In normal times, the hills of northern Galilee fill with tourists, some of them pilgrims seeking out the places where Jesus walked 2,000 years ago. Today those hills are burning. It is in Galilee that the rockets fired by Hizballah militants in Lebanon typically fall, occasionally scoring a direct hit on someone vulnerable, more often forcing inhabitants to move into bomb shelters. In the escarpment hamlet of Shomera, Israelis like Gabriel Peretz, the owner of a bed-and-breakfast, can do little more than brace for the next attack. "The situation is very bad," he says, his sentences punctuated by the sound of Israeli artillery fire, a crack-boom followed by a lingering zing of the outgoing shell, as loudspeakers in the village instruct residents to take cover in hardened shelters. "We've had six years of peace," he says, "but everything has come back to us."
Around the world, people could be excused for feeling that they too are witnessing something numbingly familiar in the Middle East, like a recurring nightmare that many would rather keep stored in the recesses of memory. But the conflagration involving Israel and its neighbors has erupted once more--and no one knows how bad and destabilizing it may get. Israel's ferocious response to Hizballah's kidnapping of two Israeli soldiers, which came a little more than two weeks after Palestinian militants from Hamas seized an Israeli corporal and smuggled him into the Gaza Strip, has produced the worst Arab-Israeli cross-border conflict since Israel's invasion of Lebanon in 1982. The great bulk of the pain last week was felt in Lebanon, as Israel bombarded the country, including sites in Beirut, killing more than 100 Lebanese by Saturday evening, almost all civilians. Hizballah, an Islamist Shi'ite group that operates freely in southern Lebanon, killed eight Israeli soldiers in its initial raid July 12 and has since flung hundreds of rockets into Israel, killing four civilians.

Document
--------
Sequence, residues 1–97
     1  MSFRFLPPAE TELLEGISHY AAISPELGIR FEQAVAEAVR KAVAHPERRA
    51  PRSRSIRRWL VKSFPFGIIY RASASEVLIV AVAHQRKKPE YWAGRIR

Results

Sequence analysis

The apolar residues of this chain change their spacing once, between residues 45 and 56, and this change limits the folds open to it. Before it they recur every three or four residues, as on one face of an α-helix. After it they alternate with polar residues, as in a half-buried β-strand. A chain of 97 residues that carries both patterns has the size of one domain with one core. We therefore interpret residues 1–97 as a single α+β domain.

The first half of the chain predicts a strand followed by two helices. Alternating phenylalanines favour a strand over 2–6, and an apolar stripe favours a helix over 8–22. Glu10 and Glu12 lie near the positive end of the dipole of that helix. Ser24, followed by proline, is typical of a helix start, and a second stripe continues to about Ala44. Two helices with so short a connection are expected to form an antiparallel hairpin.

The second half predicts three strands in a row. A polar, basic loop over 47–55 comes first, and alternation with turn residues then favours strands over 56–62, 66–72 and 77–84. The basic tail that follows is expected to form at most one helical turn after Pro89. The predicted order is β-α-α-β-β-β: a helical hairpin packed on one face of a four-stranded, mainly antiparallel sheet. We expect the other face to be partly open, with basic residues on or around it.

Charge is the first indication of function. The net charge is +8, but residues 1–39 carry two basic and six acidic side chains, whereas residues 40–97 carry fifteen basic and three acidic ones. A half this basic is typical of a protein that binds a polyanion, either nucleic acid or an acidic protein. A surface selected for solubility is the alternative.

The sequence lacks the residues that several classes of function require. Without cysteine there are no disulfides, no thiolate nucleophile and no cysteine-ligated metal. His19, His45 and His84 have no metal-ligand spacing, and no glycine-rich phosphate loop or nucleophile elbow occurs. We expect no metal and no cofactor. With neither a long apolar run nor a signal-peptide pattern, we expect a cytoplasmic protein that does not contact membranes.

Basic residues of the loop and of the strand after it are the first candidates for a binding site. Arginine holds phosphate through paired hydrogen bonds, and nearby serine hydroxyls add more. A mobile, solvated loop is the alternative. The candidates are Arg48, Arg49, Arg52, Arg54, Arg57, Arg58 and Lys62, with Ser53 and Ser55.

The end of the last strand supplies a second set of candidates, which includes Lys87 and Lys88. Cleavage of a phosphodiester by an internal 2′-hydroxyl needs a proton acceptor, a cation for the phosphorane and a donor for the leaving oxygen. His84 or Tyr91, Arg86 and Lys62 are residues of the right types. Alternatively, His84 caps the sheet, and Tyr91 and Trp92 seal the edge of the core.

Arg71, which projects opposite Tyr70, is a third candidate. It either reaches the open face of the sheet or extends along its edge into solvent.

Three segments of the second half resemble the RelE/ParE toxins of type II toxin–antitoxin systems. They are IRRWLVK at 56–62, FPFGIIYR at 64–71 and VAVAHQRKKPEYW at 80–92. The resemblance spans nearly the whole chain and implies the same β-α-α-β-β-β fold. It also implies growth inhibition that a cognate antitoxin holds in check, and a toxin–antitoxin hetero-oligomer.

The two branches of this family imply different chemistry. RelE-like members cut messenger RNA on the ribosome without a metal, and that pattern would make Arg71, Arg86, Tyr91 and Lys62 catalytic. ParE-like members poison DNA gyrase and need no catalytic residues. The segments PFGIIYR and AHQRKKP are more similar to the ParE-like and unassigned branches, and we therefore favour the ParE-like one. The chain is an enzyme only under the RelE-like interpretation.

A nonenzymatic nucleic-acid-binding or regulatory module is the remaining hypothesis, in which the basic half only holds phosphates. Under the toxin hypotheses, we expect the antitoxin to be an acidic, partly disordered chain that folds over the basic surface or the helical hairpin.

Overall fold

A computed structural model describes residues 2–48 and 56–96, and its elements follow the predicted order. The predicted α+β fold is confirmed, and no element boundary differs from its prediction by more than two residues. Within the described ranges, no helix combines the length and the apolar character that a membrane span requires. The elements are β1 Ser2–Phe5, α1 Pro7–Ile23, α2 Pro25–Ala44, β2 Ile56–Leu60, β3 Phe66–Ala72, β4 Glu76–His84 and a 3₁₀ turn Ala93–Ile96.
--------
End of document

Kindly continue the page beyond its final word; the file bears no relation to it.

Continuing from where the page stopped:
For all the mayhem and destruction, the crisis hasn't yet escalated into the kind of full-scale, multicountry war that rocked the Middle East in 1948 or 1956 or 1967 or 1973. But that's not exactly cause for comfort. The lethal exchange of firepower between Israel and Hizballah will likely not let up until someone--the U.N., nervous Arab countries like Egypt and Saudi Arabia or possibly the U.S.--intervenes and persuades one or both sides to stop. A British official told TIME that Prime Minister Tony Blair is personally pressing President George W. Bush to send Secretary of State Condoleezza Rice to the region to engage in Henry Kissinger-style shuttle diplomacy. But it's not clear that anyone has the ability to get the belligerents to calm down. And the longer Israel and Hizballah keep up their skirmish, the greater the chances it will spread out of control.